Filed under: Persian Gulf
This evening, I met Mhmd. X, one of the more prominent of Bahrain’s ten or so visible human rights activists. He took me in his car for a tour of the villages surrounding the capital, that I might see the difference between the accommodations of the shia, and the palaces of the sunni. Mhmd himself is of the former category, but well enough off. We drove out past the race track, where the richest sport in the world comes to Bahrain once every twelve months, to the village of Karzakan.
Karzakan is an untidy jumble of concrete houses, uneven streets and some fairly erratic-looking plumbing. It’s not actively unpleasant, at least in the warm evening when the people are socialising in the streets under the banners of their beloved religious dead. It even feels vaguely cosmopolitan– there’s a South Asian element certainly on main street. But, Karzakan is a Shia village, and outright, it is poor. It doesn’t look like there are going to be any fantastic investment opportunities opening up here anytime soon. They only happen 20km down the road, in Manama, in its phallicly banal “Financial Harbour” or the dusty-but-high-rise Seef district.
In Karzakan, on the 9th April, something happened, but all that I can see for sure is the scorch marks. The story from the official side is that a gang of thirty masked men attacked a police vehicle that was being driven by a policeman of Pakistani origin. The mob threw Molotov cocktails (in Arabic, petrol bombs are seemingly always referred to as Molotovs. I don’t know why, maybe the Arab journalists like the exoticism of the name), and the Pakistani policeman was killed. A few days later, police entered the town and arrested 30 or so people that they alleged had been involved with the attack. (If they had been masked, how did they know who to arrest?) Until now, they are being held incommunicado. My unofficial sources tell me that a) perhaps there was no mob, b) perhaps there were no Molotovs, (although I saw scorch marks of something. Maybe they had a bonfire) and c) the grandfather of the Pakistani policeman said that there were no burn marks on his grandson’s body, which, in any case has been conveniently repatriated. The only thing that is fairly clear is that there are a handful of young Shia men in a very Sunni Bahraini jail somewhere, probably not enjoying their stay. I saw the demonstration outside the public prosecutors office on Thursday, of their black-clad female relatives demanding to know their whereabouts, surrounded by feral-looking riot-cops with tear-gas guns. The fact that it was a Pakistani-origin policeman that was involved would seem to point to some truth in the matter. The authorities wouldn’t make that up, because a Pakistani policeman is a very visible symbol of the creeping Sunni-naturalisation process that has the Shia population so indignant in the first place.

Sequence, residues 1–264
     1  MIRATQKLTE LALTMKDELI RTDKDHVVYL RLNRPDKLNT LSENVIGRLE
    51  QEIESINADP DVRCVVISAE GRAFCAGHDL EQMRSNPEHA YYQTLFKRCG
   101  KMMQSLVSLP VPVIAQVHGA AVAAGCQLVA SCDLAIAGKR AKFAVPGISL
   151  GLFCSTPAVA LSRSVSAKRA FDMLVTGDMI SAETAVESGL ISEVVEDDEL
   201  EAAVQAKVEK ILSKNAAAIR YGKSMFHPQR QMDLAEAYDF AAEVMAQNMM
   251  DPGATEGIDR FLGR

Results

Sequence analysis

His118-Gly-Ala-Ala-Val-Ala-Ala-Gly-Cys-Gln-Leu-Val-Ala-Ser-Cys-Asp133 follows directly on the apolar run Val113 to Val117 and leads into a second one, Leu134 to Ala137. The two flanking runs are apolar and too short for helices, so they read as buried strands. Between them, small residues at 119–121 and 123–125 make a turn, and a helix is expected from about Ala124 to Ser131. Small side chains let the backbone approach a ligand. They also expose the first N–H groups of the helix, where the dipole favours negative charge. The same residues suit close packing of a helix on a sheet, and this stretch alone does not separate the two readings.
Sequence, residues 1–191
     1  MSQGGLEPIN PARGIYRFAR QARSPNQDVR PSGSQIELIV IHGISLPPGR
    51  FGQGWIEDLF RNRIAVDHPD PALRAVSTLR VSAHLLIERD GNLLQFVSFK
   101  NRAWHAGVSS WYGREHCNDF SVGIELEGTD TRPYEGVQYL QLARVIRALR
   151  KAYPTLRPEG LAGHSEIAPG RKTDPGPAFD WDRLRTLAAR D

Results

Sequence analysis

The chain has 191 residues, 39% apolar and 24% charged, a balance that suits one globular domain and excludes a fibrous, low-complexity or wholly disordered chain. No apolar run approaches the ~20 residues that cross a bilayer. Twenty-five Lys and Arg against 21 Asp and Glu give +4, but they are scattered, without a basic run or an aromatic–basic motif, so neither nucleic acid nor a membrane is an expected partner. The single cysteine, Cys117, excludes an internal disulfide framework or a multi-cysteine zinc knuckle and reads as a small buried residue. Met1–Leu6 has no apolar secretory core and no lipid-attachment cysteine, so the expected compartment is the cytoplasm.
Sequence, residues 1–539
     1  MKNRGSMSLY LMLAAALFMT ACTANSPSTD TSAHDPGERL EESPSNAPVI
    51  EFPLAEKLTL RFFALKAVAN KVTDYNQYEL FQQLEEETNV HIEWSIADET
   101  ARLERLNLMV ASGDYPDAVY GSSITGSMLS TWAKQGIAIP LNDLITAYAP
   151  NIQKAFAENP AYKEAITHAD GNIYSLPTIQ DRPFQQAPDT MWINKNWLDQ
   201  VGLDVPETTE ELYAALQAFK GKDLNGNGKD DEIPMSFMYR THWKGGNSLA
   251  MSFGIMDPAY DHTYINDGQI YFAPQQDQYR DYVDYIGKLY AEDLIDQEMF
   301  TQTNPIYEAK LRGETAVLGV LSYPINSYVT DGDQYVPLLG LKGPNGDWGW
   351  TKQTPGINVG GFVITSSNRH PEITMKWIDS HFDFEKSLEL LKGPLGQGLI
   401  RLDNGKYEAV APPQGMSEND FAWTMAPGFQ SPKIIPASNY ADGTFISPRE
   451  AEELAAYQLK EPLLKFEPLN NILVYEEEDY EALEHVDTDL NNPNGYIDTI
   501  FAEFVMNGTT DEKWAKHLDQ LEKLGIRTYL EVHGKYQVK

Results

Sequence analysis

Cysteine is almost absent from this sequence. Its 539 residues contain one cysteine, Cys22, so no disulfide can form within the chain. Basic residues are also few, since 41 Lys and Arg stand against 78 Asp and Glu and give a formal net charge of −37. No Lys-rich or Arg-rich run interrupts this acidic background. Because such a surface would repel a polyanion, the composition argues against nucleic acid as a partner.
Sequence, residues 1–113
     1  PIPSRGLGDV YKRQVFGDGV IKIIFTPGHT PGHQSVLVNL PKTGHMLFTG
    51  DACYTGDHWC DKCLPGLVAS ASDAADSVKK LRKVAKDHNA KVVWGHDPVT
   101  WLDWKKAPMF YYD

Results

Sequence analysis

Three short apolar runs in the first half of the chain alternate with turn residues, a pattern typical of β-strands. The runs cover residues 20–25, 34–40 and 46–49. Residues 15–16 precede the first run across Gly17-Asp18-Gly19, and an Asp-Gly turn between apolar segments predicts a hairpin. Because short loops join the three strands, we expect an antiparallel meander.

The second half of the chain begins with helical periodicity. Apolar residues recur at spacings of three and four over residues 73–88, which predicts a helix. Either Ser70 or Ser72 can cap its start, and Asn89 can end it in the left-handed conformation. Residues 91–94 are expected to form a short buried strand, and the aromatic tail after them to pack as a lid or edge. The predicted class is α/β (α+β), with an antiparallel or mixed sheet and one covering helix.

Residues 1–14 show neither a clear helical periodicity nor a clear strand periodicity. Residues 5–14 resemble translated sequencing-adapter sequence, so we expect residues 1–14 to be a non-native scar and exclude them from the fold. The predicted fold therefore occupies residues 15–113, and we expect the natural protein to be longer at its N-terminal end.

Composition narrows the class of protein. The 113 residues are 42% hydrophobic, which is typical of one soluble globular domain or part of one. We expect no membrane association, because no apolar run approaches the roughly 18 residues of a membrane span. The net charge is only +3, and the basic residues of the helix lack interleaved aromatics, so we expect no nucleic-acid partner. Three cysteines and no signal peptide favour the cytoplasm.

On the road out of Karzakan, which is bumpy and full of potholes, the surface suddenly improves as you drive past the high walls of what I was told is the palace of one of the minor Khalifa royals.
We then drove a few miles up the road into a different world. The conjoined villages of A’ali and Rafa’. The velvet streets. The subdued, elegant street lighting. The manicured median between lanes of the empty highway. Date palms swaying over the walls of enormous, darkened villas. Portraits of the Khalifa family adorning the traffic roundabouts. No street-side barber shops, no kebab joints spilling their noisy customers onto the street, no potholes, no dirt. Just manicured, sinecured, privilege. The mosque built in dour, orthodox, sunni style. Apparently empty. This is not just the sunni neighbourhood, but the seat of sunni power in Bahrain. We drove past the diwan of the King, of the Crown Prince, and of the Prime Minister. Couldn’t see the buildings of course, the walls were too high.
Then Sabanis, which is another slummy neighbourhood right beside the Bahrain Mall. Here, the inverse relationship between outdoor social life and poverty. Everybody on the street, having a yarn, riding bicycles, going to and fro. Mhmd pointed to a house he said had eight families in, that barely looked as if it could hold one without falling over. I wonder how many of them had ever driven round Rafa’.
And then Mhmd took me to the mall for a burger.
4 Comments so far
Leave a comment